Last Updated on September 30, 2022 by legacy450
The exterior siding and trim options can seem endless when building a new custom home or remodeling your current home. The selection process does not have to be complicated when it comes to natural wood siding. First, you need to know which siding profiles have a rough-sawn texture and which have a smooth face (sanded face). It’s important to note that all wood profiles can be sanded smooth. However, this additional process will add a level of cost and will impact lead times. Second, will the same color stain look different on a rough-sawn profile versus a smooth face? What type of finishes is available for my project? Finally, what wood species are these siding profiles available?
Wood Siding Profiles with a Rough Sawn Face:
The following siding profiles are readily available in a rough face (rough sawn) texture, including Bevel Siding, Board and Batten, Shiplap, Channel Rustic, and Rabbeted Bevel (also known as Dolly Varden). Tongue and Groove siding is one of those patterns that can have a rough or smooth face. These profiles are great at producing a rustic look for your project.
Wood Siding Profiles with a Smooth Face:
A smooth face means the front of the board has been sanded smooth during the milling process. Siding profiles such as Nickel Gap (tongue and groove profile), Dutch Lap, Bevel Back, and Beaded Bevel Pattern 145 are all designed to have a sanded smooth face. All of these profiles will produce a modern look, whether you stain it or paint it with a solid color. Both the Bevel Back and Beaded Bevel profiles are historical wood siding patterns used for hundreds of years on colonial homes.
Stain Finish on Rough Vs. Smooth Face
It’s important to know that a stain color will look different on a smooth face product versus a rough face, even if they are the same wood species. Smooth face profiles tend to absorb less stain, which leads to a difference in final color versus a rough face profile. The images below are of three different stain colors (Walnut, Caramel, and Dune Gray) and show the color difference between the smooth face (top) versus the rough face (bottom). Since smooth face products don’t require as much stain to cover the same area, they will need more attention to maintain their desired appearance. The maintenance schedule depends on many factors, including sun exposure, moisture, and your overall visual preference.
Finishes for Wood Siding
Depending on your preference, you can go with a toner, stain, or solid color finish. A toner will change the color of the siding and allow most of the natural wood grain to show through the color. A toner will require a higher level of maintenance to protect the wood and look good. A stain penetrates the wood, protects it from moisture, and changes the overall color. A semi-transparent stain will show some of the wood grain, while a semi-solid stain will let very little grain show through the stain. If you prefer a low maintenance schedule, you can prime the wood and then coat (2 coats) with a high-quality latex exterior paint.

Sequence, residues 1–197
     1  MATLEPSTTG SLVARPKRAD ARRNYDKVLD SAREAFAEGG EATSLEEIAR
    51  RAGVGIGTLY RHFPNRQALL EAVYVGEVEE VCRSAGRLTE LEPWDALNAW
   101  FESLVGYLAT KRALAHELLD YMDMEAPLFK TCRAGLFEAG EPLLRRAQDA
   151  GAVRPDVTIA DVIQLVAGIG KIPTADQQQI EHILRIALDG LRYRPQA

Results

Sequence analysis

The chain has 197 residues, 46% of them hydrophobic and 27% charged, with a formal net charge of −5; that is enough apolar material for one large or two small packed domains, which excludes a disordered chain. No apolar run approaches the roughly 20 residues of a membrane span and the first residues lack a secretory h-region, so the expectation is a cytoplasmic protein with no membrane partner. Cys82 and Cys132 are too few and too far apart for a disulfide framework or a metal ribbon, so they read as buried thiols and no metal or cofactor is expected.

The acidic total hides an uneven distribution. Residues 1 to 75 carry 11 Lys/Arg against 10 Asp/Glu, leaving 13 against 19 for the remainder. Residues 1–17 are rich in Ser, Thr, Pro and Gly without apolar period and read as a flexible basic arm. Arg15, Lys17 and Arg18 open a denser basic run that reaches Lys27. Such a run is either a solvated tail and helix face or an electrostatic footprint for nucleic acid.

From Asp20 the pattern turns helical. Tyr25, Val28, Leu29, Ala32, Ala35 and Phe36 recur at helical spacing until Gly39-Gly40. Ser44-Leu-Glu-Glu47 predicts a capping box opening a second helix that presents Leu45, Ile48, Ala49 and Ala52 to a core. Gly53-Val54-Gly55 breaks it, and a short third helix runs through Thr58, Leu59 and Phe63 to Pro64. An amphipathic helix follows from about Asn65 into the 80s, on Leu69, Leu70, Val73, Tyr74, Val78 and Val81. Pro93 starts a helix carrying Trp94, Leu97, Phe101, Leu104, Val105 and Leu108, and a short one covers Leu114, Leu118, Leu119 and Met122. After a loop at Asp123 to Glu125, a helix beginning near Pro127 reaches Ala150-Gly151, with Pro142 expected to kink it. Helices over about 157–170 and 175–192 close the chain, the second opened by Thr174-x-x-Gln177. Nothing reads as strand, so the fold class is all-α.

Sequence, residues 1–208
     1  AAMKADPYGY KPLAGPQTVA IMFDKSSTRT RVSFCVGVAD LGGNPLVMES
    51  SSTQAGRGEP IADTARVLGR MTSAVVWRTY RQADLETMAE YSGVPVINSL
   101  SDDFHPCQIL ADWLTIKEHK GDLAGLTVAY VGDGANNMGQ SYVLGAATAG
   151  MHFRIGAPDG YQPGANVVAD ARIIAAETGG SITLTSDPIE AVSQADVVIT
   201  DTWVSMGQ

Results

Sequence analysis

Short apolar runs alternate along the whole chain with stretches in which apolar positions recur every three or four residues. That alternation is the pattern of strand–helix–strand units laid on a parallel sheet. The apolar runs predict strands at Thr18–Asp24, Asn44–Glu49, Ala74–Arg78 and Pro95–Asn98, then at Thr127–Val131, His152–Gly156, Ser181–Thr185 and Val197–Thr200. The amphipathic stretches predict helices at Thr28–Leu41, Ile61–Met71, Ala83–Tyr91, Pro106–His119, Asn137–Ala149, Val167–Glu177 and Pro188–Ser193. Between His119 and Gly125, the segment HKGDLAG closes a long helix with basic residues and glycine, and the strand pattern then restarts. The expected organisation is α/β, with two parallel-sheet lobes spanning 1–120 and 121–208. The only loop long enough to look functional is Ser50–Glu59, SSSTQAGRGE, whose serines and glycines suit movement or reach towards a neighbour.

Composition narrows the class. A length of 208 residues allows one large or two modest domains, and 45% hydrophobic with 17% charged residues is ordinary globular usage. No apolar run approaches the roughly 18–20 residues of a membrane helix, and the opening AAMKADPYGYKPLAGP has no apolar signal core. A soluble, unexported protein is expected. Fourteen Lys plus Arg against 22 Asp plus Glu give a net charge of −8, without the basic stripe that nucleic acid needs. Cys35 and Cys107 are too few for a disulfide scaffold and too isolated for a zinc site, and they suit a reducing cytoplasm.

Prefinishing Your New Wood Siding
To provide maximum protection for your new wood siding, prefinishing (also known as factory machine finishing) is the best option. With our process, we can simultaneously coat all sides of the board (face, edges, end, and backside). If this seems like a new process, please read our “What Is Prefinished Siding” story, as it should answer almost any question(s) you may have. The material arrives at your job site, ready to install—no more masking off windows, doors, and other surfaces to protect from overspray or drips.
What Species of Wood?
Depending on your location, typically, the top 3 choices of wood siding are Cedar, Cypress, and Douglas Fir. All three wood species make excellent siding materials and are easy to cut and install. They take a stain very well and are available in various siding profiles.
Nothing beats the warmth and beauty of natural wood for a home’s exterior. Find the siding profile that best fits your visions, select your favorite color, and then choose your wood species. Most of all, be sure to get a sample for approval before you start so you don’t get surprised when the job is complete. If you have any questions at all, please give us a call or drop us an e-mail. We are happy to help.